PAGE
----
March 26, 2006
Under New Management
Here's an Idea: Let Everyone Have Ideas
By WILLIAM C. TAYLOR
LIKE many top executives, James R. Lavoie and Joseph M. Marino keep a close eye on the stock
market. But the two men, co-founders of Rite-Solutions, a software company that builds advanced —
and highly classified — command-and-control systems for the Navy, don't worry much about Nasdaq
New York Stock Exchange
Instead, they focus on an internal market where any employee can propose that the company acquire a
new technology, enter a new business or make an efficiency improvement. These proposals become
stocks, complete with ticker symbols, discussion lists and e-mail alerts. Employees buy or sell the
stocks, and prices change to reflect the sentiments of the company's engineers, computer scientists and
project managers — as well as its marketers, accountants and even the receptionist.
"We're the founders, but we're far from the smartest people here," Mr. Lavoie, the chief executive, said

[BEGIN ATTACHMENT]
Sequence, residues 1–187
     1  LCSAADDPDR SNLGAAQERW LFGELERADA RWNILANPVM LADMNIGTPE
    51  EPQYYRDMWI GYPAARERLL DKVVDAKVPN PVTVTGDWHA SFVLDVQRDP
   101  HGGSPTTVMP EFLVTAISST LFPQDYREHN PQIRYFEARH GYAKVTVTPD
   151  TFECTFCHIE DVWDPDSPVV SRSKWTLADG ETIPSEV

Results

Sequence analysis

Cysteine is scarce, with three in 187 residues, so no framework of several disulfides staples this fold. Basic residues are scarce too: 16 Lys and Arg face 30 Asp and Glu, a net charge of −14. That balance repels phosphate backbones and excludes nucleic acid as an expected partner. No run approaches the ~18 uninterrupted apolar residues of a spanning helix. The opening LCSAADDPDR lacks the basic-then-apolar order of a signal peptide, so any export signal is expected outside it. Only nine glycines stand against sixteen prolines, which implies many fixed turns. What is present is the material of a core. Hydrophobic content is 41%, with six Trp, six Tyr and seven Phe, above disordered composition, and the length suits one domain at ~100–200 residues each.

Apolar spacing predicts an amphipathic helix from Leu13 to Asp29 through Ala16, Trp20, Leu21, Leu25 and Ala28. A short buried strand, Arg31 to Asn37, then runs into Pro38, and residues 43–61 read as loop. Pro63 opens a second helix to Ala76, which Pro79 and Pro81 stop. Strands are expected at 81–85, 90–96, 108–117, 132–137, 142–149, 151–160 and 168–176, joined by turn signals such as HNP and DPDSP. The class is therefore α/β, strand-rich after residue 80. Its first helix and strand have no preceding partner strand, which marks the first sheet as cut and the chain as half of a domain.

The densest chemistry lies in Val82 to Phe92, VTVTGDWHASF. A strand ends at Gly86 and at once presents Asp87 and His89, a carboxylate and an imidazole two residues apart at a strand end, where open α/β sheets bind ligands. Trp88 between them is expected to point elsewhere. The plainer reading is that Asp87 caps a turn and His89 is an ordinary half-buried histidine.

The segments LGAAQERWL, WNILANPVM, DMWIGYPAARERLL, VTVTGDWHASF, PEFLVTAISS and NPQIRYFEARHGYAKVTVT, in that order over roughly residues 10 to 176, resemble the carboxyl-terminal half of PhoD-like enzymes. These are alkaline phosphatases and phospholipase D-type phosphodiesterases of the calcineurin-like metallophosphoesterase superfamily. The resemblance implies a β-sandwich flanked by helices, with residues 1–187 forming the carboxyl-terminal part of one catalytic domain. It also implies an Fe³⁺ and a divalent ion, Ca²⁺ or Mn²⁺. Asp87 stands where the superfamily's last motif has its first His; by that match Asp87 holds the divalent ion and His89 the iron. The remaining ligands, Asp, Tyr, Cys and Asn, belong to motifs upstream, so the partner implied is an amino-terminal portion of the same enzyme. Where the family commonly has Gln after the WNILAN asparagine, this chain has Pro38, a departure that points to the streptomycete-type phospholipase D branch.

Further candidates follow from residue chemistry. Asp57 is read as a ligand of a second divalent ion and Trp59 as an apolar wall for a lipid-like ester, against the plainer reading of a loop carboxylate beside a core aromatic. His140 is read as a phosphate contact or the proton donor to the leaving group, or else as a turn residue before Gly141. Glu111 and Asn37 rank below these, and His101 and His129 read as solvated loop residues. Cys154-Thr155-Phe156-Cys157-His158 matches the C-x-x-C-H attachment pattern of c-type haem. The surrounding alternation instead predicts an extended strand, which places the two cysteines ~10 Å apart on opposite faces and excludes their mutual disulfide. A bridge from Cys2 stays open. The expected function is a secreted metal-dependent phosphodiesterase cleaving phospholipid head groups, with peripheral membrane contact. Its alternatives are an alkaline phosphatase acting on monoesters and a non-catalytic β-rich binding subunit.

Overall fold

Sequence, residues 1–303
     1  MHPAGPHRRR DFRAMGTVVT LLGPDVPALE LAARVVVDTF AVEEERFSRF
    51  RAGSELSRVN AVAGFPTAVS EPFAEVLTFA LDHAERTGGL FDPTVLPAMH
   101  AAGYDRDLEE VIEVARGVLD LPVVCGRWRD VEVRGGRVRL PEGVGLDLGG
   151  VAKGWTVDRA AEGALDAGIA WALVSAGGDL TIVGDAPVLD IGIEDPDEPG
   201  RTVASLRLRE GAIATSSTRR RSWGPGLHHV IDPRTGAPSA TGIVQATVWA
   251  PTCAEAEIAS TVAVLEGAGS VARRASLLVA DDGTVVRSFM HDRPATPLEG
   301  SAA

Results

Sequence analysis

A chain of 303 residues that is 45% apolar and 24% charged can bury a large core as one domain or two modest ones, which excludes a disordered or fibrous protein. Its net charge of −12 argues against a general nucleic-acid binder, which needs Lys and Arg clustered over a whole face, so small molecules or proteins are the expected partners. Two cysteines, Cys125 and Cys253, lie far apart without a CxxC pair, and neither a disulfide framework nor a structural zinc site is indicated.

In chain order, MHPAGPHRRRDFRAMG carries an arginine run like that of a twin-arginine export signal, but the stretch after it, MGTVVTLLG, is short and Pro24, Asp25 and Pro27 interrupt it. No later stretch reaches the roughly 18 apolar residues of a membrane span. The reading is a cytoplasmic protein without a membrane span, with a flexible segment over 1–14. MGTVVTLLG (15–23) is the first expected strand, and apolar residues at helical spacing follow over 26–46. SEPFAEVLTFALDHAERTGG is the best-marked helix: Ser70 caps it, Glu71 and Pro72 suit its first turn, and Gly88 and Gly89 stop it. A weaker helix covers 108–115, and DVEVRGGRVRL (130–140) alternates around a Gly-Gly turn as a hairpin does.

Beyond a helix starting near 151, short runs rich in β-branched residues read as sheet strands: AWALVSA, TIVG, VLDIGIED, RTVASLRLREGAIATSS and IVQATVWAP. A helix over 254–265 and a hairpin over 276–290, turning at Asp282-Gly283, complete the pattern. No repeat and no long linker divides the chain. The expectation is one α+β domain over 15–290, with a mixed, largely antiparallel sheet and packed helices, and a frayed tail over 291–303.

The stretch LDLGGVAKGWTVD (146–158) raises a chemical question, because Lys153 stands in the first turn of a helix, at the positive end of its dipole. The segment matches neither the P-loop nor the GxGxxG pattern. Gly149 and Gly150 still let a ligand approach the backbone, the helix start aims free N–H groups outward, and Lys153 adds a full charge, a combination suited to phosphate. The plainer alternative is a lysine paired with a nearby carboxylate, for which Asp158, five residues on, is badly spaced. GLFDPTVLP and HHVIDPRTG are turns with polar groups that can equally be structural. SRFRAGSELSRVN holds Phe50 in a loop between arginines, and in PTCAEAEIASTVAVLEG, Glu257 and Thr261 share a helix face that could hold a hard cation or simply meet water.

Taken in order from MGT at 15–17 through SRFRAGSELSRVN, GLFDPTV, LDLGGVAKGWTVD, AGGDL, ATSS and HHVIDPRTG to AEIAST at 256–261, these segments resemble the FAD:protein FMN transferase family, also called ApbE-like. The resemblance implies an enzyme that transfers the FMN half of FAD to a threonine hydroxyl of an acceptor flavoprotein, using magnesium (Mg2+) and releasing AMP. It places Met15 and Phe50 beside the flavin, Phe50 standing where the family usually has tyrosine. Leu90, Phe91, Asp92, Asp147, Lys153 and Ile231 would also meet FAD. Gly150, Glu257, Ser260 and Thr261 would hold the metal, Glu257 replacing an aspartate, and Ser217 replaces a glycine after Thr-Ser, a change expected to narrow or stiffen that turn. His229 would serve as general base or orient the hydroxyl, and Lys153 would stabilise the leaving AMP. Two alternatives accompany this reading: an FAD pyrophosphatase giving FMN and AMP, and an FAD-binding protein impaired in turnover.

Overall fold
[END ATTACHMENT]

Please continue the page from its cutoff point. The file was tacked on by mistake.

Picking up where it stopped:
during an interview at Rite-Solutions' headquarters outside Newport, R.I. "At most companies,
especially technology companies, the most brilliant insights tend to come from people other than
senior management. So we created a marketplace to harvest collective genius."
That's a refreshing dose of humility from a successful C.E.O. with decades of experience in his field.
(Mr. Lavoie, 59, is a Vietnam War veteran and an accomplished engineer who has devoted his career
to military-oriented technologies.)
Most companies operate under the assumption that big ideas come from a few big brains: the inspired
founder, the eccentric inventor, the visionary boss. But there's a fine line between individual genius
and know-it-all arrogance. What happens when rivals become so numerous, when technologies move
so quickly, that no corporate honcho can think of everything? Then it's time to invent a less top-down
approach to innovation, to make it everybody's business to come up with great ideas.
That's a key lesson behind the rise of open source technology, most notably Linux. A ragtag army of